Animals have always widely featured in Near Eastern artwork, holding different representations. These can be seen as early as the Uruk period in which domestic and wild animals were carved into sculptures. Across the Near East, animals were portrayed both in a naturalistically and abstract style with enhanced features used to depict certain qualities. For example, the use of wings and claws were deemed dangerous or powerful thus, this amulet may have been used to bestow power and strength to the owner. Animals such as the lion were used to signify the power of rulers, placed in the gateways of royal sites. Birds too were highly regarded and have been depicted across many mediums, such as this fine example, with hunting birds being the most prized type, usually used by sultans and in palaces.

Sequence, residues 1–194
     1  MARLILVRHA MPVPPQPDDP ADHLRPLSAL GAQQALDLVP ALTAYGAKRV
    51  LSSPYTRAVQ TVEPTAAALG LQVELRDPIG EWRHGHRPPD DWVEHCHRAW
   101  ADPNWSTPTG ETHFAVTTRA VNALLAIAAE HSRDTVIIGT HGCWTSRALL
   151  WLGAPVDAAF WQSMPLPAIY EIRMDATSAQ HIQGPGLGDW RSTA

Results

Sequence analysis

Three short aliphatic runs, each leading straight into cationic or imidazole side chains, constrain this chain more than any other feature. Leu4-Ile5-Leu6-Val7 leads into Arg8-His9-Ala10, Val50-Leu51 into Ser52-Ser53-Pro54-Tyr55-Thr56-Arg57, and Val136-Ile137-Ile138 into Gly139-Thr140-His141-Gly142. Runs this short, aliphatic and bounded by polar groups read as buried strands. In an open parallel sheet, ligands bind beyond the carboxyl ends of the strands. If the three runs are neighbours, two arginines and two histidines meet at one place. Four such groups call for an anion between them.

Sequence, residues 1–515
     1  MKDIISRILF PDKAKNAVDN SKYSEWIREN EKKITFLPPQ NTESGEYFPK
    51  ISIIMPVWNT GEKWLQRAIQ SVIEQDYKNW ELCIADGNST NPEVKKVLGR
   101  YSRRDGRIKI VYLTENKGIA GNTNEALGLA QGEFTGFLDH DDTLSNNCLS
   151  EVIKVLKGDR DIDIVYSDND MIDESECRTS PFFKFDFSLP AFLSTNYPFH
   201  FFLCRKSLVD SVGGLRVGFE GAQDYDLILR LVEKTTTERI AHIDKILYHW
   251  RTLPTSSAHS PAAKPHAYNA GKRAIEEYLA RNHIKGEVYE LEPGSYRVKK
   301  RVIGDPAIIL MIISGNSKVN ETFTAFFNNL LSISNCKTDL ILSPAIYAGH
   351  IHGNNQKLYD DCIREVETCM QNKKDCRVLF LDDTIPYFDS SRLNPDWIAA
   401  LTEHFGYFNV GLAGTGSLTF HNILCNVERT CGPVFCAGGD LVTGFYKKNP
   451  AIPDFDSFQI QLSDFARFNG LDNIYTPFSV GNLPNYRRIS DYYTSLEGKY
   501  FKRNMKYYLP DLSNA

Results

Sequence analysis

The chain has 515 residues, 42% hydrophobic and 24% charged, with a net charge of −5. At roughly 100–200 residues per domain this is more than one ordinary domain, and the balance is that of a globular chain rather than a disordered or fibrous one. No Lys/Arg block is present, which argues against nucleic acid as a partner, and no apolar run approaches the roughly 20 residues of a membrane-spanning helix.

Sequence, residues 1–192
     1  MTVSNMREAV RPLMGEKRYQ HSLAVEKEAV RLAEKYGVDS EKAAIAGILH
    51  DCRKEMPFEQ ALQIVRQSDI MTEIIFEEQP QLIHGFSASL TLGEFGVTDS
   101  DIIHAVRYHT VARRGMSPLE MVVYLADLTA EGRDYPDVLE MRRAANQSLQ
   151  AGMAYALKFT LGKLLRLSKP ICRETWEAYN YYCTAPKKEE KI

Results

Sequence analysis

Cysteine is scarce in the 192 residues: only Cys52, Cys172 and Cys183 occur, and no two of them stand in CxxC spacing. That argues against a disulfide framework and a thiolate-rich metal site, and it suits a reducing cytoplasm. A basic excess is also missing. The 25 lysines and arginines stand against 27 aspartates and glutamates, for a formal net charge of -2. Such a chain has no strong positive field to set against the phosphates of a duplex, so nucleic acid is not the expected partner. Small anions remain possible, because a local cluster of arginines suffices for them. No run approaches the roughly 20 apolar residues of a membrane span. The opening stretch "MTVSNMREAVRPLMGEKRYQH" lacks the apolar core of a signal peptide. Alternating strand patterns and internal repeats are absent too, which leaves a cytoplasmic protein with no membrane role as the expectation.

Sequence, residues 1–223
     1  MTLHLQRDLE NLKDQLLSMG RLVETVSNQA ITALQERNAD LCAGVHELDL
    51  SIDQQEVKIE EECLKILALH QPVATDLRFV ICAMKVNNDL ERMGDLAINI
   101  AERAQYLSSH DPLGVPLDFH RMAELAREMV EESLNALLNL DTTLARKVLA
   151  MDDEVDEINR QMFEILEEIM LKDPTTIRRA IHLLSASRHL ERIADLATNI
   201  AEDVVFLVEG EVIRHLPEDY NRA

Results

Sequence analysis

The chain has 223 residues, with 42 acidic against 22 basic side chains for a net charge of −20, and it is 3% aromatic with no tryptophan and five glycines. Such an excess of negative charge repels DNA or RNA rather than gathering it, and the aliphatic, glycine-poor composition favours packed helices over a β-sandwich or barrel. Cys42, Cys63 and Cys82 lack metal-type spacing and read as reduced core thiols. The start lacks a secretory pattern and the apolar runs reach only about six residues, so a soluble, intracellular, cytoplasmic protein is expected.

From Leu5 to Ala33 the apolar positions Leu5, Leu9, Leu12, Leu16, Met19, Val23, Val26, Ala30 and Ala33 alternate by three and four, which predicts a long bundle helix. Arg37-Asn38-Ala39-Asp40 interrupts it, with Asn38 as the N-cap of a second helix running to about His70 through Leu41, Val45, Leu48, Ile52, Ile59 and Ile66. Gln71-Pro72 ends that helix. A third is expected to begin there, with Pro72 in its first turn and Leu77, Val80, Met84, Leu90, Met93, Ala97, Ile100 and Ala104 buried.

Western Asiatic Hardstone Zoomorphic Amulet
A finely carved Western Asiatic hardstone zoomorphic amulet, featuring an abstract zoomorphic contour, possibly a bird with the base tapering to a point. The eyes are deeply recessed, indicating that there were once embedded shells or semi-precious stone inlays.
Provenance: Private SM collection, London, acquired 1970s-2000s.
Condition: Good Condition.